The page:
1 Corinthians 15:1-11 (NRSV)
1 Now I would remind you, brothers and sisters, of the good news that I proclaimed to you, which you in turn received, in which also you stand, 2 through which also you are being saved, if you hold firmly to the message that I proclaimed to you-unless you have come to believe in vain. 3 For I handed on to you as of first importance what I in turn had received: that Christ died for our sins in accordance with the scriptures, 4 and that he was buried, and that he was raised on the third day in accordance with the scriptures, 5 and that he appeared to Cephas, then to the twelve. 6 Then he appeared to more than five hundred brothers and sisters at one time, most of whom are still alive, though some have died. 7 Then he appeared to James, then to all the apostles. 8 Last of all, as to one untimely born, he appeared also to me. 9 For I am the least of the apostles, unfit to be called an apostle, because I persecuted the church of God. 10 But by the grace of God I am what I am, and his grace toward me has not been in vain. On the contrary, I worked harder than any of them-though it was not I, but the grace of God that is with me. 11 Whether then it was I or they, so we proclaim and so you have come to believe.
One of my favorite stories from Robert Fulgham comes from a seminar that he attended on the island of Crete. The seminar was conducted by Alexander Papaderos, a scholar and political leader of the land. There were intellectuals and scholars from all across Greece present. At the last session Dr. Papaderos rose from his chair in the back of the room and walked to the front, where he stood in the bright Greek sunlight of an open window. Fulgham writes:
He turned and made the ritual gesture: "Are there any questions?" Quiet quilted the room. These two weeks had generated enough questions for a lifetime, but for now there was only silence. "No questions?" Papaderos swept the room with his eyes. So I asked: "Dr. Papaderos, what is the meaning of life?" The usual laughter followed, and people stirred to go.
Papaderos held up a hand and stilled the room, and looked at me for a long time, asked with his eyes if I was serious and saw from my eyes that I was.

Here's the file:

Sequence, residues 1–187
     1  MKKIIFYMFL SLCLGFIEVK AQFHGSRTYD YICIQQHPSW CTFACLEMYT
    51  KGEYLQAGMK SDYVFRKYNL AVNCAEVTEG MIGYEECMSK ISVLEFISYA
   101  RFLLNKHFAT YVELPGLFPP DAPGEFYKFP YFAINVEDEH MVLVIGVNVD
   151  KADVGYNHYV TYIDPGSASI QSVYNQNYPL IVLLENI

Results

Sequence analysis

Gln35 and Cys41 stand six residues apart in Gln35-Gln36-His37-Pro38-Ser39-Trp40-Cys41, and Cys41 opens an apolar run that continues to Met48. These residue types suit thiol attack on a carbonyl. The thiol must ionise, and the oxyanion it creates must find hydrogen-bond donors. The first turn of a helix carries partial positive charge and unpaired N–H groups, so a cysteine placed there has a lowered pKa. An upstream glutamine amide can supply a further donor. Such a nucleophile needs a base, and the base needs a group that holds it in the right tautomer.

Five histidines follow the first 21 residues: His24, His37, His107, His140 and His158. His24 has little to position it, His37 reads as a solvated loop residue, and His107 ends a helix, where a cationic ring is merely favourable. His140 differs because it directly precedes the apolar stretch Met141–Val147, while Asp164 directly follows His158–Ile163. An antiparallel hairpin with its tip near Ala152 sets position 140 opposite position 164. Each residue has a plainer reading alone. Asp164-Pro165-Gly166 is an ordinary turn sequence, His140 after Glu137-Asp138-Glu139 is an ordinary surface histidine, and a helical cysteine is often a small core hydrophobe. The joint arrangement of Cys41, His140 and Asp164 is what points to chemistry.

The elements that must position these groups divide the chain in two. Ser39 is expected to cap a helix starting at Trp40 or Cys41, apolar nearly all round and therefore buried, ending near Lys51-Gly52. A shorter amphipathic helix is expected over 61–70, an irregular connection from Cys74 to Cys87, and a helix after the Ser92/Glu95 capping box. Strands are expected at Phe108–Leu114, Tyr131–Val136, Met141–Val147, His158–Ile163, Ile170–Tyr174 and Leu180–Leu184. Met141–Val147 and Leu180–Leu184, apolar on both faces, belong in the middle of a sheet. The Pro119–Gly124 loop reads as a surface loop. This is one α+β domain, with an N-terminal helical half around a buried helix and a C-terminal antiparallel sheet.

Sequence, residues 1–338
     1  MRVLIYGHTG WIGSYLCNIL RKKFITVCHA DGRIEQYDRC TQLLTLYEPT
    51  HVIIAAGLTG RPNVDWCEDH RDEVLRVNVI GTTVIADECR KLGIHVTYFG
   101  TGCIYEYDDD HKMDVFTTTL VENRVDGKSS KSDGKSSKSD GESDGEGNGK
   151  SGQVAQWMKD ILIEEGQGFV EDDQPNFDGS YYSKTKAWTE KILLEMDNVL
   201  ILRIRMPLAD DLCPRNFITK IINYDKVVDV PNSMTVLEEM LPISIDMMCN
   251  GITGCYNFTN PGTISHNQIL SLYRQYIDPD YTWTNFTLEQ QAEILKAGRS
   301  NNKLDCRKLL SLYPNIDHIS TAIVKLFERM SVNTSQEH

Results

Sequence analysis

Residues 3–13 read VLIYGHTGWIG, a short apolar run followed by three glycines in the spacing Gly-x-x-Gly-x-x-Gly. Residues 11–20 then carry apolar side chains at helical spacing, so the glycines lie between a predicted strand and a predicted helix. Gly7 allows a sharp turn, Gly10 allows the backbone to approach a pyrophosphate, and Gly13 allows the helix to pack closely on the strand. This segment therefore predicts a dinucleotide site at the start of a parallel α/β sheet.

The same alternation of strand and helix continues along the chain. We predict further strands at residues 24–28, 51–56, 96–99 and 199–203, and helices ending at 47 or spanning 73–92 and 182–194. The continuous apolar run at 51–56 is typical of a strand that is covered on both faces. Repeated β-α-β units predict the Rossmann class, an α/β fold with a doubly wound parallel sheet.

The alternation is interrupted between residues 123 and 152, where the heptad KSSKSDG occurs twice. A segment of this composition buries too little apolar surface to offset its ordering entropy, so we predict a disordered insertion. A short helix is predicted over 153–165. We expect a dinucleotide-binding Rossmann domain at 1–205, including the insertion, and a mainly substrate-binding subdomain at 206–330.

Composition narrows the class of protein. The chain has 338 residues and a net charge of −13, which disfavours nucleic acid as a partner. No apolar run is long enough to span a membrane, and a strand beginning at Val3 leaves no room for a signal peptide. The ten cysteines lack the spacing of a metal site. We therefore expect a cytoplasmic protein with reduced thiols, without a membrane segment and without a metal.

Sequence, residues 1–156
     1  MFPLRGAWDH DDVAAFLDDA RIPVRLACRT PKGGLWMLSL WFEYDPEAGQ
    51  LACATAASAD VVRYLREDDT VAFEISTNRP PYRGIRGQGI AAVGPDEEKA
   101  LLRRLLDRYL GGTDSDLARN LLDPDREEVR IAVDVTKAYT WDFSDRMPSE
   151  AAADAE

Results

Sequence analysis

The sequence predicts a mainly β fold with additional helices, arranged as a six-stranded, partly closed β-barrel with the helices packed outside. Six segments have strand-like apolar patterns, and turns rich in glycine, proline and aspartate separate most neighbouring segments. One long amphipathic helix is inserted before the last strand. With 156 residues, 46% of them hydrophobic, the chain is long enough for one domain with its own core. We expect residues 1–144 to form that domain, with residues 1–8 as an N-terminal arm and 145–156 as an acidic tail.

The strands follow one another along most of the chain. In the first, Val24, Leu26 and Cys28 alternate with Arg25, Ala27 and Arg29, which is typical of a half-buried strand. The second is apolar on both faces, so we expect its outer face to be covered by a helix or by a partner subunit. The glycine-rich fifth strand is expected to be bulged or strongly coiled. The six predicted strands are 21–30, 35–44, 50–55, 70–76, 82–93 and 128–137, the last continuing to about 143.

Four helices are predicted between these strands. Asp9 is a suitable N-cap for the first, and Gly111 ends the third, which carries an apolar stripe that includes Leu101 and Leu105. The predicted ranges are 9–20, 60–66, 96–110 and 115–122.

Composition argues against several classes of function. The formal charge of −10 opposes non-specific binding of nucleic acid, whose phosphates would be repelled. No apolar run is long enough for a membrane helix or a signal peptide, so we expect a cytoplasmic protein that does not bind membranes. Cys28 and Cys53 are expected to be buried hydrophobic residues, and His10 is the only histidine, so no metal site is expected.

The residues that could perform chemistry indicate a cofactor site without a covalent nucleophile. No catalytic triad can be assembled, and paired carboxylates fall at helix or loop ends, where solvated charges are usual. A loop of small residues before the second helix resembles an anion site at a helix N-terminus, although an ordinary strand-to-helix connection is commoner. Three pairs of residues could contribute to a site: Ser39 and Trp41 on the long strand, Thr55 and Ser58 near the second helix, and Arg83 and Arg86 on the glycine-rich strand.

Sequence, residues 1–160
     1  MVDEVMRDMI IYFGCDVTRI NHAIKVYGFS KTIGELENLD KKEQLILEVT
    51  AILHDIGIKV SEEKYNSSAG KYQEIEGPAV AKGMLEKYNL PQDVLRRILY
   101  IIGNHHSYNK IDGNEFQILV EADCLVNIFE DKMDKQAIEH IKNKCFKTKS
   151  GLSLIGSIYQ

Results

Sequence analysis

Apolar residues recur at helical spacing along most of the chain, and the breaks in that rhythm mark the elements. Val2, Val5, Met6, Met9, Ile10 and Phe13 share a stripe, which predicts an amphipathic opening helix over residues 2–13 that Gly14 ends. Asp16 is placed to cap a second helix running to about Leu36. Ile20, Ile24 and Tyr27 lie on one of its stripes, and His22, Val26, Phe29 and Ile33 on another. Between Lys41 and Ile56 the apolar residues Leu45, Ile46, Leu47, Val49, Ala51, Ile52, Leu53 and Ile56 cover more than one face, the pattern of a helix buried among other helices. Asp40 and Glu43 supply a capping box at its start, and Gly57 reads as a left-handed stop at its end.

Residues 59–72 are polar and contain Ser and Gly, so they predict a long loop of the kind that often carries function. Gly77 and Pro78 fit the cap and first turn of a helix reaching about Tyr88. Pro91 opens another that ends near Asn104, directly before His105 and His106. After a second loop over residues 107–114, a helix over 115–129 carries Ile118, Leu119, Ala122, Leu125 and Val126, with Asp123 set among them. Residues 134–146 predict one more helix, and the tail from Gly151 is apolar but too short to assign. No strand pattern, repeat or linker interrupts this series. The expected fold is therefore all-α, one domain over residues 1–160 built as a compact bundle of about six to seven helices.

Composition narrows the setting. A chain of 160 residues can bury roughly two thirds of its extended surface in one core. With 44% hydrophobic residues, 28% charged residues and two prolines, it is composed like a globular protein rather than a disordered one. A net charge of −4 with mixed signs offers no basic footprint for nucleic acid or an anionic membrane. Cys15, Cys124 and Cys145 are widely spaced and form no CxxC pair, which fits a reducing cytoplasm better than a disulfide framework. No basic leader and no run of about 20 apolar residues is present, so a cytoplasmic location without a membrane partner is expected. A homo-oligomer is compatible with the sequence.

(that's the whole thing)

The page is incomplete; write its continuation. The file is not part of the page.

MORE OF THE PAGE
"I will answer your question," he said. Taking his wallet from his hip pocket, he fished out of it a very small round mirror about the size of a quarter. And what he said went something like this:
"When I was a small child, during the war, we were very poor, and we lived in a remote village. One day, on the road, I found the broken pieces of a mirror. A German motorcycle had been wrecked in that place.
I tried to find all the pieces and put them together, but it was not possible, so I kept only the largest piece. This one. And by scratching it on a stone made it round. I began to play with it as a toy and became fascinated by the fact that I could reflect light into dark places where the sun would never shine.
I kept the little mirror, and as I went about growing up, I would take it out at idle moments and continue the challenge of the game. As I became a man, I grew to understand that this was not just a child's game, but a metaphor of what I could do with my life. I came to understand that I am not the light or the source of the light. But light--truth, understanding, knowledge--is there, and it will shine in dark places if I reflect it. with what I have I can reflect into the dark places of this world--into the black places of human hearts--and change some things in some people. Perhaps others seeing it happen will do likewise. This is what I am about. This is the meaning of life."1
Being followers of Jesus-people with a resurrection faith-means that we shine a light into the dark corners of our world. Where are you shining your light? Think about it.
1 Robert Fulghum, It Was on Fire When I Lay Down on It (New York, NY: Random House Books, 1989), 68.